Hunting with golden eagles is one of the most ancient traditions passed down from generation to generation by Kazakh people. Today, hunting with golden eagles is a sport and a special aspect of Kazakh culture. Every year many Kazakh hunters gather with their specially-trained eagles and challenge them in different ways.















  1. To trek among the mountains

One of the most attractive and unusual types of the tour here in western Mongolia is trekking. In the remote but beautiful swath of untouched wilderness, travelers can feel an authentic nomadic life & tradition during this epic journey. With Bactrian camels and powerful horses to carry our luggage and team staff, we camp by alpine lakes, hike to glaciers, explore ancient burial mounds and petroglyphs that are haunting testaments to Mongolia’s shamanic traditions, and experience a pristine mountain world where nomads still hunt with golden eagles.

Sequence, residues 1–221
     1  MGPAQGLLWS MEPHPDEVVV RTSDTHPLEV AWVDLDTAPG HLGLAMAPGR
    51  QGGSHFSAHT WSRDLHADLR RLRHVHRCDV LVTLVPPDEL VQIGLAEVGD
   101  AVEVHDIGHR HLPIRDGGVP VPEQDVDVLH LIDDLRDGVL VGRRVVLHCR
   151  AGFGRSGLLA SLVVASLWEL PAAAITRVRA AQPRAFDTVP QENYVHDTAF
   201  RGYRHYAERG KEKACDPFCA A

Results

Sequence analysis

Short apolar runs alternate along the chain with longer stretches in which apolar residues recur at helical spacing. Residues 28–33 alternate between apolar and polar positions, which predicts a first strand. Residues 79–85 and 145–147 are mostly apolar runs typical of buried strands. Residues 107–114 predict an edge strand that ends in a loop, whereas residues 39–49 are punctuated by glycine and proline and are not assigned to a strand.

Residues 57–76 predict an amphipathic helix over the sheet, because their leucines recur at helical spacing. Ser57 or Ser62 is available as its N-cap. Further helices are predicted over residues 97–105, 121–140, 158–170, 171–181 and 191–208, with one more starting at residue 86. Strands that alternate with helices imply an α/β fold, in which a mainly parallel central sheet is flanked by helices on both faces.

1. To conquer the summits of the Great Altai Mountains

The highest peak in Mongolia – Mt. Tavan Bogd (Huiten Uul Mountain) – towers 4,374 meters above sea level, overlooking the borders of Mongolia, China, and Russia. Year-round snow and glaciers on the peaks of Mt. Tavan Bogd make the mountain magnificent and require endurance and a high level of physical capability from mountaineers. The Altai Mountain range comprises dozens of snow-capped peaks of above 4,000 meters, including Mt. Nairamdal at 4082m and Mt. Malchin at 4050m, Tsambagarav at 4195m, Deglii Tsagaan at 3978m, and Mt. Munkhkhairkhan at 4204m. There are summits for both professional and amateur climbers.

  1. Horse trekking in Altai Tavan Bogd